Thursday, November 18, 2010

Instilling a Sense of Giving

Back when no curbside recycling existed, my sisters and I used to help our mother collect recycled materials to take to the volunteer-staffed recycling center. Although this experience started me on a philanthropic path, at the time I only knew it as a way of life. We looked at the adventure as fun!

Instilling a sense of giving can start early! Children three and under are primarily focused on themselves. A sense of giving is learned by watching grown-ups. When children observe adults share, listen or be kind to others, they learn compassion. "Giving" can mean your time or treasures. In this season of giving thanks and helping those less fortunate with food or gifts, you are modeling compassion! Even very young children can help shop, assemble and wrap donated items.

Support your philanthropic ideals via picture books, too, like The Giving Tree by Shel Silverstein, The Giving Box by Fred Rogers or the classic Stone Soup.

By the time children start school, they are ready to be more involved in their own philanthropic adventures, usually centering on their own interests. After hearing about our Champions campaign, two second graders donated the proceeds from their lemonade stand to the Museum. Children's charitable involvement contributes towards raising self-esteem, developing social skills, fostering an introduction to the greater world and encouraging kids to appreciate all that they have.

Make giving a family affair by encouraging your children's interests and working together. By allowing them input and decision-making, you will start them on the path of lifetime giving!

(This article first appeared in the November (2010) issue of Positively Naperville - PN Monthly. This month's featured column, Raise Your Play I.Q.® is written by Jayne Carpenter, M.S. - the Early Childhood Specialist for DuPage Children's Museum. She has degrees in Child Development and Applied and Family Child Studies. As an Early Childhood Specialist, Jayne has a diverse background with a variety of experience in museum, parent, teacher and child learning programs spanning 30 years. Contact her at the Museum or via email at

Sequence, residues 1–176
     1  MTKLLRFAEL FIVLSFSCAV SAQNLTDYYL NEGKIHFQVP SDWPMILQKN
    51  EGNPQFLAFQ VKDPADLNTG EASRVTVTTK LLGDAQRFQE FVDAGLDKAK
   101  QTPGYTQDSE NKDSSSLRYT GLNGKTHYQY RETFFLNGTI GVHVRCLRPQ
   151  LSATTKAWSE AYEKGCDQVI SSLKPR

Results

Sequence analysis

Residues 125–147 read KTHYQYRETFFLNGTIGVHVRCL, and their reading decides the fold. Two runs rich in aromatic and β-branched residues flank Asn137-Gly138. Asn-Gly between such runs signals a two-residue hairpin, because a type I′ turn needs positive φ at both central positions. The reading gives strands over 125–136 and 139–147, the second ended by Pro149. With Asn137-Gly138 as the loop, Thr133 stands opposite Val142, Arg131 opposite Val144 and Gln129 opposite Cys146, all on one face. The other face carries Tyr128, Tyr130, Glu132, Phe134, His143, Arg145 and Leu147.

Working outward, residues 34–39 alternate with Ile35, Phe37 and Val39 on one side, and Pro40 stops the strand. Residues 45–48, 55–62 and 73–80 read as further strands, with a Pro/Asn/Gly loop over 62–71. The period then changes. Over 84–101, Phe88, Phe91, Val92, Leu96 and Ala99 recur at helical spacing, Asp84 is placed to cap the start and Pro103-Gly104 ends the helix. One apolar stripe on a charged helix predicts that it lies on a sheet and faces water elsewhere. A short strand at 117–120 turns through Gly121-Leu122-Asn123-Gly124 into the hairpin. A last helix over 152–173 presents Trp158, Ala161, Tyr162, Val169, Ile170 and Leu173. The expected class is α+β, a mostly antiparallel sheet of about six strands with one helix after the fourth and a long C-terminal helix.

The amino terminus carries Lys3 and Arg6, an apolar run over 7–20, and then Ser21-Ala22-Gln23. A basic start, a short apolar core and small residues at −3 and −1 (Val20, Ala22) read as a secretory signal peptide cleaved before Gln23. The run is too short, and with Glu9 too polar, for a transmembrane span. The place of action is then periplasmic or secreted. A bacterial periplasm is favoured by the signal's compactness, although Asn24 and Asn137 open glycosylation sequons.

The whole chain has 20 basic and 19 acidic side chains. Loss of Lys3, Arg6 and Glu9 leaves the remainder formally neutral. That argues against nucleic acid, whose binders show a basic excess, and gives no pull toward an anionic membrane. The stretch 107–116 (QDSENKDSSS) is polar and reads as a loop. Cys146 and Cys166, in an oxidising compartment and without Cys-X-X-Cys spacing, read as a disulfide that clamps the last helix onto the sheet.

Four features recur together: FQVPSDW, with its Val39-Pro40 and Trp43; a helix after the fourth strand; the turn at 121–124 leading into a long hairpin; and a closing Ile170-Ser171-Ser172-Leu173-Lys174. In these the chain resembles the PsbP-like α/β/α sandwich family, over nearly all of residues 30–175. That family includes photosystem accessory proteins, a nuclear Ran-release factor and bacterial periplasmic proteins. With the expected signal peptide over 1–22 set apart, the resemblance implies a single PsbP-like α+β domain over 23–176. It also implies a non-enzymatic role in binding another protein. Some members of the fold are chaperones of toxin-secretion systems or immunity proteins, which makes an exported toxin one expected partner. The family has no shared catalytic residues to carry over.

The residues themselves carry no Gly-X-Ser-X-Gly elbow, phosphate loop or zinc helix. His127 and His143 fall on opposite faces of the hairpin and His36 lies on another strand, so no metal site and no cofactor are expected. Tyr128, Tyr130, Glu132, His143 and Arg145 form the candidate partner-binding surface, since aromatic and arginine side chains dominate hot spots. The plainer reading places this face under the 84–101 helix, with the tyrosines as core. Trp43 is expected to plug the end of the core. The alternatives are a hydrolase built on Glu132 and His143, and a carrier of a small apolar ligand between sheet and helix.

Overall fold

Thursday, November 11, 2010

What Makes a Good Field Trip?

What was your favorite field trip when you were a child? What made it so memorable? Besides being thrilled to be out of the classroom, you probably got to interact with a fascinating guide, creative spaces or new materials in a way you had not experienced before. The interactions you had with your classmates may have helped make it memorable as well.

So what makes a good field trip? Good field trips connect to what children are learning. Authentic experiences that relate to and expand on previous knowledge can make powerful educational connections. For teachers, good planning must precede field trips. Teachers and caregivers should familiarize themselves with the site prior to booking a field trip. Parents want to know that their child will be safe and that the trip serves a planned educational purpose. If parents accompany their children on well-planned field trips, they can support their child's learning at home - and become the best advocates for future visits.

An increasing number of our volunteers under age 30 are reporting their memories of field trips at DCM. In particular, they recount experiences from our learning lab field trips. Our learning labs are memorable because they integrate what children are learning in school with their developmental interests and abilities. Teachers like them because they are well organized and align with the Illinois Learning Standards.

Do you have a favorite Museum field trip memory?. Post a comment with a group compiling those memories here. If you have a favorite field trip memory from DuPage Children's Museum, leave us a comment on our blog.

Consider booking a field trip with us soon!

Friday, November 5, 2010

Good Toy Choices

We will be hosting our third annual toy show and sale on Friday, November 12. With so many good toy choices both during the sale or any time in our Explorer Store, how do you choose? Here are a few suggestions to consider:

At any age, co
nsider puppets. When children play with puppets, they make them talk, encouraging the development of language skills and the expression of various emotions. Add a puppet stage (also available in our store and at the sale) and you've got a performance!

I like to keep these Magic Noodles (colored biodegradable peanuts and sticks) around when friends stop by with their children or grandchildren. Just add a damp paper towel and let the creativity take center stage. This activity helps children to think spatially, and the ideas are endless. Read about how we use biodegradable peanuts in the Studio here.

In consideration of
older children, we've added science kits to our collection of learning toys this year. Create your own mechanical moving robot or choose a kit where you can design a hovercraft or praxinoscope. School-age children are ready for figuring out how things work. Your child's increasing concentration and problem solving abilities are challenged when they explore the complexities of a science kit.

For more information about the toy show and sale, click here. Our Explorer Store is always open during Museum hours. You don't need to pay admission to visit the store. Consider a trip to our Explorer Store this holiday season.

Please enjoy additional tips
from a previous post to guide you as you make good toy choices!

See you at the sale on November 12th!